Savage Dragon

Savage Dragon

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Savage Dragon
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Savage Dragon vol. 1, #1 (1992), art by Erik Larsen.
Publication information
Publisher Image Comics
First appearance Megaton #3 (July 1986)
Created by Erik Larsen
In story information
Alter ego Kurr
Team affiliations Liberty League, Chicago Police Department, Special Operations Strikeforce (S.O.S.)
Abilities Superhuman strength, stamina, and durability
Accelerated healing factor

Savage Dragon is an ongoing American comic book series created by Erik Larsen and published by Image Comics. The comic features the adventures of a superheroic police officer named Dragon. The character first appeared in Megaton #3 (July 1986).

Dragon is a large, finned, green-skinned humanoid whose powers include super-strength and an advanced healing factor. He is an amnesiac: his earliest memory is awakening in a burning field in Chicago. Thus, for most of the series, his powers and appearance are a mystery to readers. At the beginning of the series, he becomes a police officer and battles the mutant criminal “superfreaks” that terrorize Chicago.

Along with Spawn, The Savage Dragon is one of two original Image Comics titles still published and the only one still written and drawn by its creator. The character was also adapted into a short-lived (26 episodes) USA network animated series that started in 1995.


  • 1 Creation and publication history
  • 2 Character history
    • 2.1 Mini-series
    • 2.2 Chicago PD
    • 2.3 S.O.S. years
    • 2.4 William Jonson and the new Overlord
    • 2.5 Single parent and Damian Darklord
    • 2.6 This Savage World
    • 2.7 Origin revealed
  • 3 Invincible
  • 4 Cartoon
  • 5 Bibliography
    • 5.1 Mini-Series
    • 5.2 Team Ups
    • 5.3 Trade Paperbacks
    • 5.4 Multimedia
  • 6 References

Creation and publication history

Like many of Erik Larsen’s characters, the Savage Dragon was created by Larsen while he was a child in elementary school. It is loosely based on The Creature from the Black Lagoon, a movie series by Universal Studios. In his youth, Larsen drew the Dragon in home-made comic books. The original Dragon, inspired by elements from Captain Marvel, Batman, Speed Racer and later The Incredible Hulk, differs greatly from the modern incarnation. After launching the Savage Dragon in a professionally published comic book, Larsen returned to the original Dragon and reworked his designs into the characters William Jonson, a police-officer ally of the Dragon, and Flash Mercury, the Spectacular Dragon.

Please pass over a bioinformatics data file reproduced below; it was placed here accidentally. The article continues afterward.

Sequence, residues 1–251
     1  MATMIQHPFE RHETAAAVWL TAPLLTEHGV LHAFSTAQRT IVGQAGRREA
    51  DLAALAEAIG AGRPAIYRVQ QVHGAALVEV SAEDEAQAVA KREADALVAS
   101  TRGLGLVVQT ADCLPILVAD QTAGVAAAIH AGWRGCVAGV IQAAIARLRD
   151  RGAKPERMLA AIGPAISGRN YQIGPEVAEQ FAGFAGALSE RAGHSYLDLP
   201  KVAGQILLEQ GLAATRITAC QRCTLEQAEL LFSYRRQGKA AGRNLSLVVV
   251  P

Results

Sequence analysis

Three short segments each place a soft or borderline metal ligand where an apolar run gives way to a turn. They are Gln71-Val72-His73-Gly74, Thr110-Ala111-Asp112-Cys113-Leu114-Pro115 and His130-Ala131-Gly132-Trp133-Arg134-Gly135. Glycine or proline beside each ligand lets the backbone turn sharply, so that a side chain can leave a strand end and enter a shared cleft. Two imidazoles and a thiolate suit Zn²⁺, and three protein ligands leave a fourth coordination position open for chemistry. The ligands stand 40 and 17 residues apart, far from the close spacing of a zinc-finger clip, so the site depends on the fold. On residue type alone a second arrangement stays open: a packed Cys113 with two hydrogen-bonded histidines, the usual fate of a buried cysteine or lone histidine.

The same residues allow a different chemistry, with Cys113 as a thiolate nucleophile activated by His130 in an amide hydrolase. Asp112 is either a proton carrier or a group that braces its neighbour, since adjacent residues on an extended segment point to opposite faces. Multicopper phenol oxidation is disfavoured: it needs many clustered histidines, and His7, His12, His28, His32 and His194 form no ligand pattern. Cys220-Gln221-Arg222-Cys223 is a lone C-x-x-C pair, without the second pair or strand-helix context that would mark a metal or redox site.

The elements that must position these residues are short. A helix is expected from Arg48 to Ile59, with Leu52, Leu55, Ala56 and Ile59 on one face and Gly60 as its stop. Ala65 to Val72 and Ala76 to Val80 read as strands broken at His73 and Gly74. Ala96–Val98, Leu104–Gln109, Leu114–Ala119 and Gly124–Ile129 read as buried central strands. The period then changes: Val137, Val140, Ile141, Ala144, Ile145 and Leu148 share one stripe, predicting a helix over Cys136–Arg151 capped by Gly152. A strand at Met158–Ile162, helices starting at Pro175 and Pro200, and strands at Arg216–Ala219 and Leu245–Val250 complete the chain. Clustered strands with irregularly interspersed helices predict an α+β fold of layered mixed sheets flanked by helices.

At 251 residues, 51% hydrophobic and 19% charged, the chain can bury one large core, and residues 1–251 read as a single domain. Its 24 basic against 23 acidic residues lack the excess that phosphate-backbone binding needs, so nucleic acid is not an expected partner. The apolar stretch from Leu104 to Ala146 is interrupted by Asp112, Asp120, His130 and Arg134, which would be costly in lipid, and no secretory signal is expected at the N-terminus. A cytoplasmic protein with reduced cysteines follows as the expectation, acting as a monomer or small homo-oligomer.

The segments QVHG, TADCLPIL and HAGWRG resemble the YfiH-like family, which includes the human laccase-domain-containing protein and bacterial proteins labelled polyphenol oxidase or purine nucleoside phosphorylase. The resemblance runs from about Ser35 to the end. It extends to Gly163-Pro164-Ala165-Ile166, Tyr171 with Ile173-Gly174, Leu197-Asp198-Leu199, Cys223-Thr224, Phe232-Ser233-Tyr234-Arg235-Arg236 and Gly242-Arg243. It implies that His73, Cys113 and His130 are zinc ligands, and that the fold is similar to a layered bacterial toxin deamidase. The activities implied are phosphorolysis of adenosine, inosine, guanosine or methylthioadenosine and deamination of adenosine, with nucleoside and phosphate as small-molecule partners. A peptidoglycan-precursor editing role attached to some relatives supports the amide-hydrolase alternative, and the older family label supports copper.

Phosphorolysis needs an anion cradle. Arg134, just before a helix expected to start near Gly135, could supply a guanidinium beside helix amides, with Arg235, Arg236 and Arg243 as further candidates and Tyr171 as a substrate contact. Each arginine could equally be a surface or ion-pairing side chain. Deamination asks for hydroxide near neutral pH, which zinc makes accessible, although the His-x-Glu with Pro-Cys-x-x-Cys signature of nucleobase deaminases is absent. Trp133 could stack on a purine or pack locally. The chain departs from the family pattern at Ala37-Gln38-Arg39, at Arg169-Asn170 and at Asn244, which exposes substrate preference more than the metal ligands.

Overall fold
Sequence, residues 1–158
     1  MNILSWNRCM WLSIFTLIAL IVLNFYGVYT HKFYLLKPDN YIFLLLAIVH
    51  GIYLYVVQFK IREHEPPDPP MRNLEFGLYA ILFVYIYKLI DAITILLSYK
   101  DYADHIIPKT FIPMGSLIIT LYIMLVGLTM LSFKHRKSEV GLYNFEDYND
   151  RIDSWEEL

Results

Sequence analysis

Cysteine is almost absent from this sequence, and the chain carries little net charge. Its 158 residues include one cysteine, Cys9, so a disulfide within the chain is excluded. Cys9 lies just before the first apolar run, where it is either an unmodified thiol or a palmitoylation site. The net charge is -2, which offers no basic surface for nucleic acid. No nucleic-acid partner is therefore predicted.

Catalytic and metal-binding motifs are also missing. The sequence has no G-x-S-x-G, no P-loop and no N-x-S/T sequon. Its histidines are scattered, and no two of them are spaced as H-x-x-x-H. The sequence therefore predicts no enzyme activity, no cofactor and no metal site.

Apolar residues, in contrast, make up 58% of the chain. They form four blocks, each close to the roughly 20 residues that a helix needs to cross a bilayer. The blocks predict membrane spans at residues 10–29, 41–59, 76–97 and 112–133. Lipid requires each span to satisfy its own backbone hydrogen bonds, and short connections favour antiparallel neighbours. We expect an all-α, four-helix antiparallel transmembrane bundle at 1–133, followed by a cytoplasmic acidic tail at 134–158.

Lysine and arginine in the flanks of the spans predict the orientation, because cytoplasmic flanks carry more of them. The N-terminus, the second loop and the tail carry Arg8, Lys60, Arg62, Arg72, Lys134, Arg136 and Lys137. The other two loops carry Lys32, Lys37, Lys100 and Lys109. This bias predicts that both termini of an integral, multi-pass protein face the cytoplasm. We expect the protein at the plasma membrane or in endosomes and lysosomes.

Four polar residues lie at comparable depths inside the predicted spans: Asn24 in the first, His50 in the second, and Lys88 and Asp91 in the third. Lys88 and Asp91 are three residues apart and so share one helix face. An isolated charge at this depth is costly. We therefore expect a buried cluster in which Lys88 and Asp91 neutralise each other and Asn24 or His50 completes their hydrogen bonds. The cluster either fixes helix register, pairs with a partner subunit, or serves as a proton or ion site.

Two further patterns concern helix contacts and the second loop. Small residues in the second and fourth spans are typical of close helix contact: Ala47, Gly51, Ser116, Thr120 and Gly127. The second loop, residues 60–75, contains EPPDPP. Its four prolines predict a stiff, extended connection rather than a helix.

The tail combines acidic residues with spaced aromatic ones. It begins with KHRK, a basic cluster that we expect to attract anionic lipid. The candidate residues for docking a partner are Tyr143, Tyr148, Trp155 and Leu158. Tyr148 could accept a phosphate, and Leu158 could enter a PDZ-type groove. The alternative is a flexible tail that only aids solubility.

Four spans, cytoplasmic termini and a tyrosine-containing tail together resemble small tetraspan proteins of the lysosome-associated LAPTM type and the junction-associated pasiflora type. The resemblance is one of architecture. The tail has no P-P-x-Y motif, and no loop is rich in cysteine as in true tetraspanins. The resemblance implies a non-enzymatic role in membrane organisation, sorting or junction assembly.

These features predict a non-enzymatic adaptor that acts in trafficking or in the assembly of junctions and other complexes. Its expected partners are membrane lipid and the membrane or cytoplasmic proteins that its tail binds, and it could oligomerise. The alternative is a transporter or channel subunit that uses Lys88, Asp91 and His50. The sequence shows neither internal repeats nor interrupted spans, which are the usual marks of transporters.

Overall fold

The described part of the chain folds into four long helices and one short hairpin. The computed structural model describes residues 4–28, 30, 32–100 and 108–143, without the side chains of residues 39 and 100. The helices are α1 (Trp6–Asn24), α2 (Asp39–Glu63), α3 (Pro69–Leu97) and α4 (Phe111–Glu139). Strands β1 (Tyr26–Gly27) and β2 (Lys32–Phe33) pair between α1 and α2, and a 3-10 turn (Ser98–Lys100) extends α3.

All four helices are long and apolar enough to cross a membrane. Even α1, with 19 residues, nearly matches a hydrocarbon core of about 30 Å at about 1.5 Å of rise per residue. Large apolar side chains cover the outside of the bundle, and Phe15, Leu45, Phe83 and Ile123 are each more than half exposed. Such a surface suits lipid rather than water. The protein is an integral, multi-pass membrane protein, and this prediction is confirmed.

Much later, a greatly redesigned Savage Dragon was featured in two issues of Graphic Fantasy, a self-published title with a small print run, published by Larsen and two friends. In this incarnation, the Dragon was a widower and a retired member of a government-sponsored superhero team. Subsequently, the Dragon made another appearance in the third issue of Gary Carlson’s Megaton anthology in its Vanguard strip, which Larsen had been drawing. In these appearances, the character of the Dragon remained basically the same as it had been in Graphic Fantasy, with a few details modified (such as the inclusion of his wife, who was dead in his previous incarnation). Both the Graphic Fantasy and Megaton issues containing the Dragon have since been reprinted in high-quality editions.

In 1992, when Larsen left Marvel to co-found Image Comics, he reworked the character for the new publication venture. This time the Dragon was a massively-muscled green amnesiac, who joined the Chicago police department after being discovered in a burning field. Initially debuting in a three-issue mini-series, the Savage Dragon comic book met with enough success to justify a monthly series, launched in 1993. To this day, Larsen continues to write and illustrate the series entirely by himself, and has maintained a reasonably consistent monthly schedule (save for occasional lapses) in comparison with the other original Image Comics titles. Larsen has occasionally produced ancillary mini-series, and sometimes allowed other creators to produce stories featuring Savage Dragon or other characters from the Dragon series.

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Savage Dragon #121.

According to Larsen, the series is aimed at “older Marvel readers who are about ready to throw in the towel on comics altogether. It’s the missing link between Marvel and Vertigo. More mature than Marvel; less pretentious than Vertigo. The kind of comics [he wants] to read. [The] book is really self-indulgent.”[1]